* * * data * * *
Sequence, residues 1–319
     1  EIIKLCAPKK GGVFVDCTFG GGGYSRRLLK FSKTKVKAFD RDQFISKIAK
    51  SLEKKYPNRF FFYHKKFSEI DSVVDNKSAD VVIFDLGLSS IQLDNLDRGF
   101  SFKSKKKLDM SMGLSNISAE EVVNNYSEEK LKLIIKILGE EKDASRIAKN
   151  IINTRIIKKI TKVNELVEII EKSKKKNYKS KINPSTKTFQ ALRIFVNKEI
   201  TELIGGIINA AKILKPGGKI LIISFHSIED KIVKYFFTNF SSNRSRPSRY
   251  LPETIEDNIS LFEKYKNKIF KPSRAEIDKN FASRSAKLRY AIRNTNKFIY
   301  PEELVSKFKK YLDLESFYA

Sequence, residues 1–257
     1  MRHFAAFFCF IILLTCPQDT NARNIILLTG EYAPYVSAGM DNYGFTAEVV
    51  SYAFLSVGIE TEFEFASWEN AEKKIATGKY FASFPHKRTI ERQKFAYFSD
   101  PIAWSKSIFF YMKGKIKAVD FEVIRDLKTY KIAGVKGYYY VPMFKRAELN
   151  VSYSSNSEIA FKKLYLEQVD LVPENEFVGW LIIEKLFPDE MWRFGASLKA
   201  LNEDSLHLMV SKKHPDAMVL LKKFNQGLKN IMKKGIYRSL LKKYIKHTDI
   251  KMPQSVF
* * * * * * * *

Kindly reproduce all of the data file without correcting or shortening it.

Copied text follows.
Sequence, residues 1–319
     1  EIIKLCAPKK GGVFVDCTFG GGGYSRRLLK FSKTKVKAFD RDQFISKIAK
    51  SLEKKYPNRF FFYHKKFSEI DSVVDNKSAD VVIFDLGLSS IQLDNLDRGF
   101  SFKSKKKLDM SMGLSNISAE EVVNNYSEEK LKLIIKILGE EKDASRIAKN
   151  IINTRIIKKI TKVNELVEII EKSKKKNYKS KINPSTKTFQ ALRIFVNKEI
   201  TELIGGIINA AKILKPGGKI LIISFHSIED KIVKYFFTNF SSNRSRPSRY
   251  LPETIEDNIS LFEKYKNKIF KPSRAEIDKN FASRSAKLRY AIRNTNKFIY
   301  PEELVSKFKK YLDLESFYA

Sequence, residues 1–257
     1  MRHFAAFFCF IILLTCPQDT NARNIILLTG EYAPYVSAGM DNYGFTAEVV
    51  SYAFLSVGIE TEFEFASWEN AEKKIATGKY FASFPHKRTI ERQKFAYFSD
   101  PIAWSKSIFF YMKGKIKAVD FEVIRDLKTY KIAGVKGYYY VPMFKRAELN
   151  VSYSSNSEIA FKKLYLEQVD LVPENEFVGW LIIEKLFPDE MWRFGASLKA
   201  LNEDSLHLMV SKKHPDAMVL LKKFNQGLKN IMKKGIYRSL LKKYIKHTDI
   251  KMPQSVF